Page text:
South Carolina's construction shutdown should signal Florida's nuclear demise, critics say
By BRUCE RITCHIE 08/02/2017 05:12 AM EDT
TALLAHASSEE — The decision by South Carolina utilities to shut down a nuclear plant under construction should send a signal to other states, including Florida, that a supposed nuclear "renaissance" is over, critics said Tuesday.
Florida Power & Light Co. proposed building two new nuclear units at its Turkey Point power plant south of Miami, but the utility told the Public Service Commission in May that it plans to continue a planning "pause" while it seeks to learn from nuclear plants that were being built in South Carolina and Georgia.
The decision by SCE&G and Santee Cooper utilities to abandon construction in South Carolina nine years after starting shows that the Florida project is doomed, critics said. Duke Energy Florida in 2013 abandoned its plans to build a new nuclear plant in Levy County.
"I think for FPL and the people of Florida this is a time to say basically, wait a second what are we doing here?" said Stephen Smith, executive director of the Southern Alliance for Clean Energy.
"This reactor at [Turkey Point] 6 & 7 will never get built. If FPL wants to pursue the COL [federal license] their shareholder should bare that — not the ratepayers."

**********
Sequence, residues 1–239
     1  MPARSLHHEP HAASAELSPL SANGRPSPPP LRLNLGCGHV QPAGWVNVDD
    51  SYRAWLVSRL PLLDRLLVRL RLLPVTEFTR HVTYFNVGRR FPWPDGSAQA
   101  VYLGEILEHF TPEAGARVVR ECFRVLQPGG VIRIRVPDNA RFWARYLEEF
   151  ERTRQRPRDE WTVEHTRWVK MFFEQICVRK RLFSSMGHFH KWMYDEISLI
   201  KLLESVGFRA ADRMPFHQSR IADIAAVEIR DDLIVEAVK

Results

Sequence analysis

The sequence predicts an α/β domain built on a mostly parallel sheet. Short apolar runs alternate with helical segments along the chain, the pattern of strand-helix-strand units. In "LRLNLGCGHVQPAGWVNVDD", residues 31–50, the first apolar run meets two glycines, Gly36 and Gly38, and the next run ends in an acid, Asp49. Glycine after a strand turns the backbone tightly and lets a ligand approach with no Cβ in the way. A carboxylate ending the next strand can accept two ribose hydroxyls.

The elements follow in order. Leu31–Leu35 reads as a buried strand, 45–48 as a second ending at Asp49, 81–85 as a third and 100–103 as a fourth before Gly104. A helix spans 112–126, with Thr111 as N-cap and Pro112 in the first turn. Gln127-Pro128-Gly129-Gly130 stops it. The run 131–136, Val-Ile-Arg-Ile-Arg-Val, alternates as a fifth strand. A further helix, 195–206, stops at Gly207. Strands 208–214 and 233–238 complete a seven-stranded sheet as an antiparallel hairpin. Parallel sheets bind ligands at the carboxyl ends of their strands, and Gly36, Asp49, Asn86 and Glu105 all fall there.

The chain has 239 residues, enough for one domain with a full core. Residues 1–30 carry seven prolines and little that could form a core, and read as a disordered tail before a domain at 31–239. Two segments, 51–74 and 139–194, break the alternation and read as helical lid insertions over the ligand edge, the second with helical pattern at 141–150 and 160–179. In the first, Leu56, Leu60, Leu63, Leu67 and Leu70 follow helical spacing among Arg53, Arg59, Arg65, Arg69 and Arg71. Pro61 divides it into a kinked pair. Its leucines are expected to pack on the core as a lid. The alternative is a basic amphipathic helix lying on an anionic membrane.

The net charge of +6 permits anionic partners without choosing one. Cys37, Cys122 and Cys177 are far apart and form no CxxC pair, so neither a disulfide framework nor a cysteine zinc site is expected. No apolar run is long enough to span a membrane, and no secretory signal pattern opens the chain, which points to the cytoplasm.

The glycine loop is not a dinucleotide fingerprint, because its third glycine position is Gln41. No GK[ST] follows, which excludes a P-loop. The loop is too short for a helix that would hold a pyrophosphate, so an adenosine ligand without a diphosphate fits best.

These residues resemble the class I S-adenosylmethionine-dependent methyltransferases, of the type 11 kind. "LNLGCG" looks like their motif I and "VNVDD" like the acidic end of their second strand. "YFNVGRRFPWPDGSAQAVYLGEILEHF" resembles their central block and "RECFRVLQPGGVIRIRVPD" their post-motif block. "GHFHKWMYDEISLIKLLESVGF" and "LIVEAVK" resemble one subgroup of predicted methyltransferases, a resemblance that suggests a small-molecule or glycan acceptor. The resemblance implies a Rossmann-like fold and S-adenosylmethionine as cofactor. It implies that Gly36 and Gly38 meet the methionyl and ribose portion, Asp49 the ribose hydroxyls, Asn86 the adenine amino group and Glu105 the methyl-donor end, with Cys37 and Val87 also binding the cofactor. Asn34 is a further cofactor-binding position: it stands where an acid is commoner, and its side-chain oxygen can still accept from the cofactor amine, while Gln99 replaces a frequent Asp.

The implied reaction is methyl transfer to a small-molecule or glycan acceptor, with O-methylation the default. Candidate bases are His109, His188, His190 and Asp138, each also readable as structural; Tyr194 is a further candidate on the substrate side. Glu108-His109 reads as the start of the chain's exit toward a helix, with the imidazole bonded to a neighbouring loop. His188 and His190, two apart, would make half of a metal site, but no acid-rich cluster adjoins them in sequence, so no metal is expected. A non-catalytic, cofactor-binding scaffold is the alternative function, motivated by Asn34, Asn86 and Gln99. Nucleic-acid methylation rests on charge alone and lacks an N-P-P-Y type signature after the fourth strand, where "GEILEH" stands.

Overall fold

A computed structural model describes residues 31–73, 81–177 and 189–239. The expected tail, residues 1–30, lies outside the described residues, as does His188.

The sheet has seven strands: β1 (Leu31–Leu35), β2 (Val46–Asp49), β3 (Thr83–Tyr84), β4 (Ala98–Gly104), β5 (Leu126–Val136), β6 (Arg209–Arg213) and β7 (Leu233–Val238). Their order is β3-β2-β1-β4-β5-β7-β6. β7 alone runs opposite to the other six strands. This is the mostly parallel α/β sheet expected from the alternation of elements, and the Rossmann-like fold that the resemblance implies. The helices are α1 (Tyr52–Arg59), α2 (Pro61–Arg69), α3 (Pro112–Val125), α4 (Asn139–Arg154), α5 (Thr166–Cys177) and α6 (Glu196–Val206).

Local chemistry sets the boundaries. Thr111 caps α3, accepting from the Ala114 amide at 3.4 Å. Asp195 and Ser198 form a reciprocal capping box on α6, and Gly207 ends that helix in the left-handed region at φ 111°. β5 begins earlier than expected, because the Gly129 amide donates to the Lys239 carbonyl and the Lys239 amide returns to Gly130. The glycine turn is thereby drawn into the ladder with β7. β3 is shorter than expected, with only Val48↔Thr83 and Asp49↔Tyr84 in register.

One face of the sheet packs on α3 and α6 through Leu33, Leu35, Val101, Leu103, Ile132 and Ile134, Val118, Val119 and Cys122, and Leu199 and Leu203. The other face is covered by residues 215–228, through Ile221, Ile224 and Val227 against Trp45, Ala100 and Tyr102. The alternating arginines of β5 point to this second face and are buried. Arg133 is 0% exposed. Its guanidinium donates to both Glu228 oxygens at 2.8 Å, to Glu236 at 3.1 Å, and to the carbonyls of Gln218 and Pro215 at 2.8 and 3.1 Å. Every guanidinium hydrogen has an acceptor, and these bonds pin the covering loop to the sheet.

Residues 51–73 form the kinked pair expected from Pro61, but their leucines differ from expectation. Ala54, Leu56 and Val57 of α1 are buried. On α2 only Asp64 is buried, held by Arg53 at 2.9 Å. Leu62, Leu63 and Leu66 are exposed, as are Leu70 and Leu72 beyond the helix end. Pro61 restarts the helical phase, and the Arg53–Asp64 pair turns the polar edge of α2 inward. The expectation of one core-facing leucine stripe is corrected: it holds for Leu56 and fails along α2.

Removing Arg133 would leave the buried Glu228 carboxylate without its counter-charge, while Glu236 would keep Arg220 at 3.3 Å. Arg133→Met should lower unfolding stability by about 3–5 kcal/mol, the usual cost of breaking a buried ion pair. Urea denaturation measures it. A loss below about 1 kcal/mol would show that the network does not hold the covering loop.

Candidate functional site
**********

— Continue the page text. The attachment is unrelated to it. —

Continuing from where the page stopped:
FPL wants to defer charging customers for the new nuclear units next year while also not having to submit this year a feasibility analysis as required by PSC rules. But the request to avoid the analysis faces opposition from the Office of Public Counsel, the Southern Alliance for Clean Energy and other intervening groups.
The utility said in its May petition to the PSC that it does not plan to start on pre-construction work and therefore no feasibility analysis is needed. An FPL spokesman reiterated that approach Tuesday in response to comparisons with the South Carolina plant shutdown.
"We said earlier this year that, given the reduced certainty of nuclear construction projects in other states, we are limiting our work in the near term to pursuing the necessary approvals that would enable the option of adding new emissions-free nuclear generation, and that’s the work we continue to do," FPL spokesman Mark Bubriski said.
Peter Bradford, a former Nuclear Regulatory Commissioner, told POLITICO he thinks it would be difficult for FPL now to get Florida regulators to approve charging customers for the project.
"And the cost estimates for the alternatives — renewables and natural gas — have fallen," Bradford said. "So the justification of asking customers to take the risk building nuclear plants — it was weak 10 years ago. It is nonexistent now."
He said 31 new nuclear plants were proposed a few years ago but only about a half dozen still remain in the licensing phase.
The plants in South Carolina and Georgia were the only ones under construction, said Bradford, who has chaired state utility regulatory commissions in Maine and New York.
Duke Energy Florida customers already had paid $1.5 billion towards the Levy County plant before construction even began, the Associated Press reported in 2013. The company scrapped its plans but said last year that it still considered the plant to be a viable option prior to getting its federal license.